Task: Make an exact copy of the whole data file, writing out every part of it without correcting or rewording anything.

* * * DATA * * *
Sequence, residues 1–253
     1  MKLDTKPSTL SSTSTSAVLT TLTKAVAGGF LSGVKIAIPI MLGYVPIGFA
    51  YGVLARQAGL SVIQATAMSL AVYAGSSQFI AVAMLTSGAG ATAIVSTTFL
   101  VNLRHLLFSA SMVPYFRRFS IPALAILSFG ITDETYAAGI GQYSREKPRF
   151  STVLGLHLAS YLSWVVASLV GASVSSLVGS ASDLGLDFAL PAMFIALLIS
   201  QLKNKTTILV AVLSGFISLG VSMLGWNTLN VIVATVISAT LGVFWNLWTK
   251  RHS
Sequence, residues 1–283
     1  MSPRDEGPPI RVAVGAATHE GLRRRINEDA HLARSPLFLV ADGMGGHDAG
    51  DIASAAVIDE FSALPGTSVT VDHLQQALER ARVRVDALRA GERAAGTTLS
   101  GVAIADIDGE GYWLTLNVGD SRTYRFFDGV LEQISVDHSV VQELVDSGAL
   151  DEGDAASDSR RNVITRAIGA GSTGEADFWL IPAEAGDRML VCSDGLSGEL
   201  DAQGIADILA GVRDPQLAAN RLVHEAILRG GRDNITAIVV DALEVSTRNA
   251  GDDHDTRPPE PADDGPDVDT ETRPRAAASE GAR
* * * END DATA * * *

Sequence, residues 1–253
     1  MKLDTKPSTL SSTSTSAVLT TLTKAVAGGF LSGVKIAIPI MLGYVPIGFA
    51  YGVLARQAGL SVIQATAMSL AVYAGSSQFI AVAMLTSGAG ATAIVSTTFL
   101  VNLRHLLFSA SMVPYFRRFS IPALAILSFG ITDETYAAGI GQYSREKPRF
   151  STVLGLHLAS YLSWVVASLV GASVSSLVGS ASDLGLDFAL PAMFIALLIS
   201  QLKNKTTILV AVLSGFISLG VSMLGWNTLN VIVATVISAT LGVFWNLWTK
   251  RHS
Sequence, residues 1–283
     1  MSPRDEGPPI RVAVGAATHE GLRRRINEDA HLARSPLFLV ADGMGGHDAG
    51  DIASAAVIDE FSALPGTSVT VDHLQQALER ARVRVDALRA GERAAGTTLS
   101  GVAIADIDGE GYWLTLNVGD SRTYRFFDGV LEQISVDHSV VQELVDSGAL
   151  DEGDAASDSR RNVITRAIGA GSTGEADFWL IPAEAGDRML VCSDGLSGEL
   201  DAQGIADILA GVRDPQLAAN RLVHEAILRG GRDNITAIVV DALEVSTRNA
   251  GDDHDTRPPE PADDGPDVDT ETRPRAAASE GAR